went to a neighbor's house. There she had the neighbor
call 911. Police and paramedics responded to the scene. An
officer noted red marks on Ashley's neck consistent with
her story. Barnes fled the area before police arrived.
The Intimidation charge (Count 6) stemmed from a phone call
Barnes made to Ashley on April 23, 2018, when he had still
not been located by law enforcement. During the call Barnes
threatened to harm or have someone else harm her if she
proceeded with the case.
The Menacing by Stalking charge (Count 7) stemmed from a
series of incidents of Barnes inflicting violence against
Ashley or threatening violence against her over a period of
time. The series of incidents included one prior conviction
of Barnes against Ashley.
Barnes pled not guilty to all of the charges against him.
On October 23-24, 2018, Barnes proceeded to a jury trial. The
State presented the testimony of five witnesses including the
victim, Ashley. The defense presented the testimony of five
witnesses and then rested its case. The jury returned guilty
verdicts on six of the seven counts against Barnes,
acquitting him of (Count 3) Felonious Assault.
On December 3, 2018, the matter proceeded to sentencing.
Barnes was ordered to serve eighteen months in prison on
Count 1, Domestic Violence, thirty-six months in prison on
Count 2, Abduction, consecutive to each other The trial court
found that Counts 4 and 5 of Disrupting Public Services
merged for sentencing and the State chose to proceed to
sentence on Count 4 Barnes was ordered to serve 12 months in
prison on Count 4, concurrent with Count 2 As to Count 6 and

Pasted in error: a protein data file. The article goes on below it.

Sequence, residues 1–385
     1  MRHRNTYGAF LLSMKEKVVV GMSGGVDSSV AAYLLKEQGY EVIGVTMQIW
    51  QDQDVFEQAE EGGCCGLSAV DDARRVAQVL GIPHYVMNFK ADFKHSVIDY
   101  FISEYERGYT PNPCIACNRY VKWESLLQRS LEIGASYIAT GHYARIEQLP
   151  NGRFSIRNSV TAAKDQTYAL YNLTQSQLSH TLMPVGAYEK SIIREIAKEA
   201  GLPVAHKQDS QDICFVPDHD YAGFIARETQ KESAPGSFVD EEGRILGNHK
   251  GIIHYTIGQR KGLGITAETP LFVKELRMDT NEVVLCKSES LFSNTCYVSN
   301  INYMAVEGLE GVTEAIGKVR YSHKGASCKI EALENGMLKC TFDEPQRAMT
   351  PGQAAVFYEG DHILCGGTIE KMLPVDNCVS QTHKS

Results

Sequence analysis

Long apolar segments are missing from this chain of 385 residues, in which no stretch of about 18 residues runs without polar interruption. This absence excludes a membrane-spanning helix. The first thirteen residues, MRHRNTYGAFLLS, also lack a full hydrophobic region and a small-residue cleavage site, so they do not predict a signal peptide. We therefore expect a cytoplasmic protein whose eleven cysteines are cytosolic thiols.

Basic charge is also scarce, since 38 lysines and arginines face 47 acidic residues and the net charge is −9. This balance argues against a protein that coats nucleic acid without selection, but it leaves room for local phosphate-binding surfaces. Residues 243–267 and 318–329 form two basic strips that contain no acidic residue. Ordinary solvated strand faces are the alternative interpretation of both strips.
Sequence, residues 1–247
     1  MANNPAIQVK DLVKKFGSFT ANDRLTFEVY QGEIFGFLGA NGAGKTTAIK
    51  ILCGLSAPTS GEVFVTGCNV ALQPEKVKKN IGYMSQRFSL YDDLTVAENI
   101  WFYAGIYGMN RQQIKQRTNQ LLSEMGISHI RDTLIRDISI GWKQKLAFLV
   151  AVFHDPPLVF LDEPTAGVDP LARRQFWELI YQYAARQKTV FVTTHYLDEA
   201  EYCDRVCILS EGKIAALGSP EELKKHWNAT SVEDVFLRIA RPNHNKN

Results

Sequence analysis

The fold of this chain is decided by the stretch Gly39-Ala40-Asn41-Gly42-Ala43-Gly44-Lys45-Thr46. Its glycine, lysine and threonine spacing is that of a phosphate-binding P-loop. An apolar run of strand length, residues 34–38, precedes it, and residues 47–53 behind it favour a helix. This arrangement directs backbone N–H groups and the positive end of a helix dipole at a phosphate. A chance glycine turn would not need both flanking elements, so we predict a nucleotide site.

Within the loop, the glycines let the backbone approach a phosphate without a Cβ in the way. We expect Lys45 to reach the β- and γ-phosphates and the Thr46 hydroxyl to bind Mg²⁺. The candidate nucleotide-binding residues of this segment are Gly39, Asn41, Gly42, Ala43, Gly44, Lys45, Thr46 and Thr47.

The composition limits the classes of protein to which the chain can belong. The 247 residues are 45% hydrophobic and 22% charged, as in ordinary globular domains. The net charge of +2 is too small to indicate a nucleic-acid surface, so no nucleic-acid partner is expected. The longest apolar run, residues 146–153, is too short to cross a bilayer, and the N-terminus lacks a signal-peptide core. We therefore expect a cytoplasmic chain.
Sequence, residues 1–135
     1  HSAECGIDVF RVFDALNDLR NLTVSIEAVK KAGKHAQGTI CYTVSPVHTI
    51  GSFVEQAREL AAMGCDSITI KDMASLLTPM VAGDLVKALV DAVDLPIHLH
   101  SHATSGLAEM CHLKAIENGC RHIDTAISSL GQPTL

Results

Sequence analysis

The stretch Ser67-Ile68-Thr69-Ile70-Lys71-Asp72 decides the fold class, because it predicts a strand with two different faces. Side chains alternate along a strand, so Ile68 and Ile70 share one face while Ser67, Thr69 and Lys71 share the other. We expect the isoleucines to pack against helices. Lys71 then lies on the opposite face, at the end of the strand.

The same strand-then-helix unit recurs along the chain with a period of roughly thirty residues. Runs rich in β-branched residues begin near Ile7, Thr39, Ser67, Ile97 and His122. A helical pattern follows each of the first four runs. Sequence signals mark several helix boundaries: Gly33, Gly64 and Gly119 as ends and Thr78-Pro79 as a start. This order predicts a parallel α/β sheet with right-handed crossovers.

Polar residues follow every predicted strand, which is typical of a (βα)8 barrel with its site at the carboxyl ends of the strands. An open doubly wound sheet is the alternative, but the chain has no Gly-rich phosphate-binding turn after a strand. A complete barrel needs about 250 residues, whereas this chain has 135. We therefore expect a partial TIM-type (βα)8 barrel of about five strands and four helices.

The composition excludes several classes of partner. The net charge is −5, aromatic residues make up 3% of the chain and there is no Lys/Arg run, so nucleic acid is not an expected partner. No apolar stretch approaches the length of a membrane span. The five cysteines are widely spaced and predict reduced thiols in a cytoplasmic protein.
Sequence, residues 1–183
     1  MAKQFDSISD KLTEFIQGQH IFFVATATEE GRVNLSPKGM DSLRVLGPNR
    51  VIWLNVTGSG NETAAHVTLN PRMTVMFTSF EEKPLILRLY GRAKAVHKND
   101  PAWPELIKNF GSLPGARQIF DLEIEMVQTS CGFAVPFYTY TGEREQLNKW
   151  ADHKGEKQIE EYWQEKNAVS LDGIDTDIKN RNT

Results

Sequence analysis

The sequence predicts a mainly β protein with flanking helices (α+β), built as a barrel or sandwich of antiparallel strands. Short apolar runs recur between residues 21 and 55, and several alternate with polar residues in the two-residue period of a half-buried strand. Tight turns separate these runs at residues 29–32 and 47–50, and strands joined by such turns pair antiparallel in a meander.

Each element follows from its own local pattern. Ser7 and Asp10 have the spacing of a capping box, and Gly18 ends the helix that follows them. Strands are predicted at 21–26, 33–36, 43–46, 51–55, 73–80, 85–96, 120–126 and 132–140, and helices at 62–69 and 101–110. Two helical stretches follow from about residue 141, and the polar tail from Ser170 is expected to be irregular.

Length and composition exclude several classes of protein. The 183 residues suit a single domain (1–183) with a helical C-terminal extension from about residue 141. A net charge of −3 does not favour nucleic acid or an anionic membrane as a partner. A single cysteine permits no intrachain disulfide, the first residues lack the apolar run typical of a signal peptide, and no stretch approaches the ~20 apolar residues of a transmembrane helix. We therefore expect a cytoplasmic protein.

the Intimidation charge, Barnes was ordered to serve
thirty-six months in prison, consecutive to the prison terms
in Counts 1 and 2 Finally, Barnes was ordered to serve twelve
months in prison on Count 7, Menacing by Stalking,
concurrently with the other counts. Barnes thus received an
aggregate ninety month prison term for the crimes in this
case; however, they were ordered to be served consecutive to
a separate prison term Barnes had received in another matter
from Logan County.
A judgment entry memorializing Barnes's sentence was
filed December 6, 2018. It is from this judgment that Barnes
appeals, asserting the following assignments of error for our
of Error No. 1
Barnes was deprived of his right to the effective assistance
of trial counsel when trial counsel was late to trial twice,
failed to timely call witnesses, placed a witness on the
stand who was unable to testify, and failed to object
throughout the trial.
of Error No. 2
Barnes's right to a fair trial and due process of law
were violated by the cumulative errors that occurred during
of Error No. 3
Barnes's conviction for domestic violence under R.C.
2919.25 is not supported by sufficient evidence[.]
Due to the nature of the discussion we elect to address the
assignments of error out of the order in which they were
Assignment of Error
In Barnes's third assignment of error he argues that
there was insufficient evidence presented to support his
conviction for Domestic Violence.Specifically, he argues that